Success has not been an overnight story for Steven Paladino, though it may look like one. His firepit-music system company Music City Fire is having quite a moment — picked up by Costco, Lowe’s, Home Depot, Hayneedle and Wayfair, the systems are also available at Nashville Billiards.
The reality is Paladino started his business nearly five years ago after watching a YouTube video showing a physics experiment known as a Rubens’ Tube or a Pyro Board.
“You take essentially a square burner, or custom-make one, and you fill that box up with propane,” he says. “At the bottom of the box you have the speaker, and as a speaker vibrates, it forces the gas out of the top. I’ve always been big on physics, so I was aware of the product, but seeing it taken to such extreme on the video and seeing all the excitement behind it? I said ‘Okay, we’ve got to manufacture this.’”
He started down the path replicating that product, but he soon realized it would never be approved in its original state. After all, it was, essentially, a bomb.
“I could have just stopped right there, but instead I said, ‘We can go ahead and manufacture something that’s going to develop and produce the same results, but in a safer manner,’” he says. “In the long run it actually turned out to be a much better product.”
After multiple iterations and variations and versions of the product, he arrived at the sound-reactive model he has now.
“At the push of a button, it streams music from your phone or from your laptop or computer, and the fire can dance with the music,” he says. “Push the button again and you can have the fire and music completely independent of each other — you can have a regular fire and still have the audio system going.”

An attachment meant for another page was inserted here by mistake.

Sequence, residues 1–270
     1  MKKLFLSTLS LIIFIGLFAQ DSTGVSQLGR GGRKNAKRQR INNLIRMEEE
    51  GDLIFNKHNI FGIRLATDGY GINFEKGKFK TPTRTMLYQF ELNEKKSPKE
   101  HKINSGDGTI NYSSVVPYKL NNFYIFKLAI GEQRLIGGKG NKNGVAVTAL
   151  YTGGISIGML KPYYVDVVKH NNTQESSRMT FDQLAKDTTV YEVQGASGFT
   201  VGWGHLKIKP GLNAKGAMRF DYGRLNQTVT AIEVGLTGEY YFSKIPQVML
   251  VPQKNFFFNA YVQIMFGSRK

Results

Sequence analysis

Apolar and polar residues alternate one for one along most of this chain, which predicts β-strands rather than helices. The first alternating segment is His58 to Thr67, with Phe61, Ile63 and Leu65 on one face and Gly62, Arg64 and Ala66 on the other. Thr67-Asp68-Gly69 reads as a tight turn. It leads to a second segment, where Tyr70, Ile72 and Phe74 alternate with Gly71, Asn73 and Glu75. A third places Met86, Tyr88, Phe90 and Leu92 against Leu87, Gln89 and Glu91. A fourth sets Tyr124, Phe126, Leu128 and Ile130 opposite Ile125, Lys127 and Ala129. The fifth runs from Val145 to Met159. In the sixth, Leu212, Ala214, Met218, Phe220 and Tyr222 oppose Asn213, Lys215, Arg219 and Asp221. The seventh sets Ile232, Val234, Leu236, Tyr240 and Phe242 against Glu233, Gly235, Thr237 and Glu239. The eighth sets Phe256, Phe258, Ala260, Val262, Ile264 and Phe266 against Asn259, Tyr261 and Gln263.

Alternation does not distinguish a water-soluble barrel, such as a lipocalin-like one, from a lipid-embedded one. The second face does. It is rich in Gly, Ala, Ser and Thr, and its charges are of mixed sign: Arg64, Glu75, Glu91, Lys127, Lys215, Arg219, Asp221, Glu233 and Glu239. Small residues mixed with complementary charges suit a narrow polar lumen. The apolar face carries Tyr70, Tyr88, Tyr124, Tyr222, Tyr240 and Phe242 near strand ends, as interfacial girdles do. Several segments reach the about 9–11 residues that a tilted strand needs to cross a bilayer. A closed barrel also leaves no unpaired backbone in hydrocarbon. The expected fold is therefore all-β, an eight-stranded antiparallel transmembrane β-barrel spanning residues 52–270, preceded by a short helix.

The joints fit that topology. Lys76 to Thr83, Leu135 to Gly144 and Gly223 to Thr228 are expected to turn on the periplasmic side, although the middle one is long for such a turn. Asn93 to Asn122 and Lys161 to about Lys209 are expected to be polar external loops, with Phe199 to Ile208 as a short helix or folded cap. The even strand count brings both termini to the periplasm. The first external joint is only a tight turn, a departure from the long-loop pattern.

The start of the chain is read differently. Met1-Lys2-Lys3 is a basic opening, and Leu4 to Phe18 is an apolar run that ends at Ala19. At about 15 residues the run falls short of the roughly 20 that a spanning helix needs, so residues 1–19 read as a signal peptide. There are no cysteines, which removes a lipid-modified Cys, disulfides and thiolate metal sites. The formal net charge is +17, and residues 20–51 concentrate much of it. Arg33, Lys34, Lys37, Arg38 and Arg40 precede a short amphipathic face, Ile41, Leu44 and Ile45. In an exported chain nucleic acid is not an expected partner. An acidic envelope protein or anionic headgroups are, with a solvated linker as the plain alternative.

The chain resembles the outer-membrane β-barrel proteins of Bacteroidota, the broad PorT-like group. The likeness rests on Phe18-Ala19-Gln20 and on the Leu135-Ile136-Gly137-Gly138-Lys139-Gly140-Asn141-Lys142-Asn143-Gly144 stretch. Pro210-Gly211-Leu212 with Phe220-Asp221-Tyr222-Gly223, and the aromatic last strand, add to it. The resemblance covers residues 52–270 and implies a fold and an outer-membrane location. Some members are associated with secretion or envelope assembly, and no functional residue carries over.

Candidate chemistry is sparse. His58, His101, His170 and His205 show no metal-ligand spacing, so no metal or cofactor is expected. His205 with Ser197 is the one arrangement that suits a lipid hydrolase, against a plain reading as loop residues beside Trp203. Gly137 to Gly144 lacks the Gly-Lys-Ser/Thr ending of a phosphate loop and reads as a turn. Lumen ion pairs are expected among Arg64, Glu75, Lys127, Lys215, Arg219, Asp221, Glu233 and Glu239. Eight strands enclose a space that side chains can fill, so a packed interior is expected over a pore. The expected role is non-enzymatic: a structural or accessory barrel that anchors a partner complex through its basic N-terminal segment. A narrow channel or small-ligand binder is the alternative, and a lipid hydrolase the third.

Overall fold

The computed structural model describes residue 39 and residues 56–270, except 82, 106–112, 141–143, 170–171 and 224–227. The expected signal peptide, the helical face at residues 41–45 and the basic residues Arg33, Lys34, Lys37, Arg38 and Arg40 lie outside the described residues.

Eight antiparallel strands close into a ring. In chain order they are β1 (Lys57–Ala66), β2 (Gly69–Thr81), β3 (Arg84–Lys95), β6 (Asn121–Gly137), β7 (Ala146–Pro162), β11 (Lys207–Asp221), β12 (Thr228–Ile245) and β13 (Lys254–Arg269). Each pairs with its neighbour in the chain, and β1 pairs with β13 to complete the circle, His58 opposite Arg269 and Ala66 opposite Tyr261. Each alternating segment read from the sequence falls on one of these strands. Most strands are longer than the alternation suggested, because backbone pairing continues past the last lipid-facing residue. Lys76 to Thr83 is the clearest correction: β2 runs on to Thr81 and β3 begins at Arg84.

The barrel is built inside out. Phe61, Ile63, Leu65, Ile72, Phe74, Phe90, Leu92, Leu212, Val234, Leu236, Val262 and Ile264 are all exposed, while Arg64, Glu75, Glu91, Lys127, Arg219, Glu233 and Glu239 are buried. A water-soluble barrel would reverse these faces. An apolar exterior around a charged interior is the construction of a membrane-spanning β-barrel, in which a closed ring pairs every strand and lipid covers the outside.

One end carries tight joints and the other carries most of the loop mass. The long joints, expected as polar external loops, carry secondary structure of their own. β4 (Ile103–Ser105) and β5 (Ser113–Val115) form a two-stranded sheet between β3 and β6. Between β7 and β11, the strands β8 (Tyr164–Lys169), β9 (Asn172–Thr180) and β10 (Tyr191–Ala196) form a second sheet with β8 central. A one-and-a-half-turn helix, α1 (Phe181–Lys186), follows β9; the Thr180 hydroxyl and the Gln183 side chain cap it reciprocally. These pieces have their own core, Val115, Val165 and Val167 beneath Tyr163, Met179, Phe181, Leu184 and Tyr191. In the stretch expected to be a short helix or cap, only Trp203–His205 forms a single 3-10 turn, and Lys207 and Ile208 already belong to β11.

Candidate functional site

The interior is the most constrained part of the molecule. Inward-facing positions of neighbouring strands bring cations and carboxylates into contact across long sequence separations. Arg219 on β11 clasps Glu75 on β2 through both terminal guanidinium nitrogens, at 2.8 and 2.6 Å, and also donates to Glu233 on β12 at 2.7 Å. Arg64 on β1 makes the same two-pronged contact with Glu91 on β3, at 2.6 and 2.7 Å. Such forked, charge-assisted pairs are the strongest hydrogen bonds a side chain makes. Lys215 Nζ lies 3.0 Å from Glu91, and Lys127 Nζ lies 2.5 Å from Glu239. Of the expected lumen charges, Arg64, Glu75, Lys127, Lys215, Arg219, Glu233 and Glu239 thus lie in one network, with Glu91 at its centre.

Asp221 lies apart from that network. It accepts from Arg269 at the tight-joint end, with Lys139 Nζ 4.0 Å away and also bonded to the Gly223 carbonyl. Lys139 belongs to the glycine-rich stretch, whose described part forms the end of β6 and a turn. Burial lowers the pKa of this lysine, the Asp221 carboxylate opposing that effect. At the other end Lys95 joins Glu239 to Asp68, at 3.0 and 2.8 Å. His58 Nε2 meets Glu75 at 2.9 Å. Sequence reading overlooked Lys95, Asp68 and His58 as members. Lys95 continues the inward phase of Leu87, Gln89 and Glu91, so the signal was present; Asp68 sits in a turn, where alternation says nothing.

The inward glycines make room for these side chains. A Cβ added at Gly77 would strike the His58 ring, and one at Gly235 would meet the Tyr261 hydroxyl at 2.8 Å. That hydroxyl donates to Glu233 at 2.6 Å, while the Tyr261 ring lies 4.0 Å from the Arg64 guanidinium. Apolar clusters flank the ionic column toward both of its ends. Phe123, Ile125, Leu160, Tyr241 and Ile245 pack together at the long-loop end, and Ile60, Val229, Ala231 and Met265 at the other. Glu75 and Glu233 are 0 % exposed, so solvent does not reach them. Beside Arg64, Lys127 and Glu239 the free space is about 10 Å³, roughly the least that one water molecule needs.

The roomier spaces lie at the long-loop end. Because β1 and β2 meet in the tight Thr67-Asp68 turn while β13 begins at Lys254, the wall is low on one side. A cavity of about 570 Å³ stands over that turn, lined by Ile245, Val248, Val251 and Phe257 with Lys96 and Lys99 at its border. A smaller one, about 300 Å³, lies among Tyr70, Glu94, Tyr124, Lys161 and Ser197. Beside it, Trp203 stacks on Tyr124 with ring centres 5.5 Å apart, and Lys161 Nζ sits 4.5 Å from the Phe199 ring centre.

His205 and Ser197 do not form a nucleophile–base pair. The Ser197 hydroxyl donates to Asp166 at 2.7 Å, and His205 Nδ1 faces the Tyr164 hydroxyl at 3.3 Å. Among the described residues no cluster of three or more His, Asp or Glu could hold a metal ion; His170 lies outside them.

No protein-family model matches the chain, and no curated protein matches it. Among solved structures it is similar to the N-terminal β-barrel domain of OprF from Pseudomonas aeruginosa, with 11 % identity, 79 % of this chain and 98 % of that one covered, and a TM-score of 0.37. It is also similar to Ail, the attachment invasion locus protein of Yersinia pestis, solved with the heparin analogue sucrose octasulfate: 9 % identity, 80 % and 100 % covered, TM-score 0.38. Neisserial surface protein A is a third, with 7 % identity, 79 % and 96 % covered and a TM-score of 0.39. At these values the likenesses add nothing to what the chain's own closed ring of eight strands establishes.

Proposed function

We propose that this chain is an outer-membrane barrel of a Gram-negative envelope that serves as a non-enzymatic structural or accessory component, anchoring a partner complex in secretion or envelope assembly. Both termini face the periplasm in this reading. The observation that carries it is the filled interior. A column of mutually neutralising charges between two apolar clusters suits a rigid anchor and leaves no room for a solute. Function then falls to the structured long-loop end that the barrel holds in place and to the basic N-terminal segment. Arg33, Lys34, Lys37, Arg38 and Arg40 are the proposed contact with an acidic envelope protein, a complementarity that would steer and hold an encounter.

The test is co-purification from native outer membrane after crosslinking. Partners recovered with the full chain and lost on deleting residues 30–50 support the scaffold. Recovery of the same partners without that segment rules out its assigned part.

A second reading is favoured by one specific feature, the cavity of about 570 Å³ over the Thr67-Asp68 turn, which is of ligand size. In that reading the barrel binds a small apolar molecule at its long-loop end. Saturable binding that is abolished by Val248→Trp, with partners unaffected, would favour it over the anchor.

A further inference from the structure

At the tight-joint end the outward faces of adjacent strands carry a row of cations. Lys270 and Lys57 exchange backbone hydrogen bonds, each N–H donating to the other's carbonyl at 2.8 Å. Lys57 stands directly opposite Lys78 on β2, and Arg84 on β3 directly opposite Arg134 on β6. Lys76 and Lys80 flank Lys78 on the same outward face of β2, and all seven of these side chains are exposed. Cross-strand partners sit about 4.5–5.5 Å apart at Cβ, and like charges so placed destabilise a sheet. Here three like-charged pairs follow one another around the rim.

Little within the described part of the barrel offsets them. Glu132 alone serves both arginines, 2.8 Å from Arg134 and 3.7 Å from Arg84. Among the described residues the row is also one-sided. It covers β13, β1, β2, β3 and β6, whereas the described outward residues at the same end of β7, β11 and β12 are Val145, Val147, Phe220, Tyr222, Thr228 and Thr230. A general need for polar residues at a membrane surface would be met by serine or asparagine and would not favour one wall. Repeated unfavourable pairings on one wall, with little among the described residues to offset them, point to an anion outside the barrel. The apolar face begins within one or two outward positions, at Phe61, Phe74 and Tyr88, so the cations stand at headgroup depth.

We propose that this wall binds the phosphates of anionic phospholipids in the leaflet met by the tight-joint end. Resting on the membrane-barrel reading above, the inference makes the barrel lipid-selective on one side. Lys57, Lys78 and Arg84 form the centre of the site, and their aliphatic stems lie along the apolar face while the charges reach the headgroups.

In his own backyard, Paladino has two synced together through Bluetooth. When he’s hanging out with his boys, 6 and 3, he can have the fire off but the music going.
“In this case it allows people to use it for so much more,” Paladino says. “We’re working on furthering the technology even more, using better amps and developing more speakers and doing software integration that’s really going to take it to the next level.”
A true entrepreneur, he does everything —website code, product photography, video editing and product designs.
“I’ve always been big into engineering, robotics and physics,” Paladino says. “As a kid I wanted to be a robotics engineer, to really take things apart and tinker and do things and learn how to solder and build things. I’ve been building my own computers for years, and it just kind of led into this.”
Plans for 2019 are ambitious, too, with the incorporation of Alexa integration capabilities, indoor units and a Nashville showroom collaboration with Rail Yard Studios.
“For me it’s just creating,” he says. “I just like doing different things, and I like challenges.”
While he has been rising professionally, personally his family has been facing heartache as his oldest son has been in and out of the hospital while they treat a brain tumor he was diagnosed with just after he turned 5. Paladino wishes more than anything to have his family all together, no hospitals. Without them, the success means nothing.
“I know plenty of people would have stumbled but it’s part of who I am. We have had our hard times, but we keep rolling. That is all there is to do.”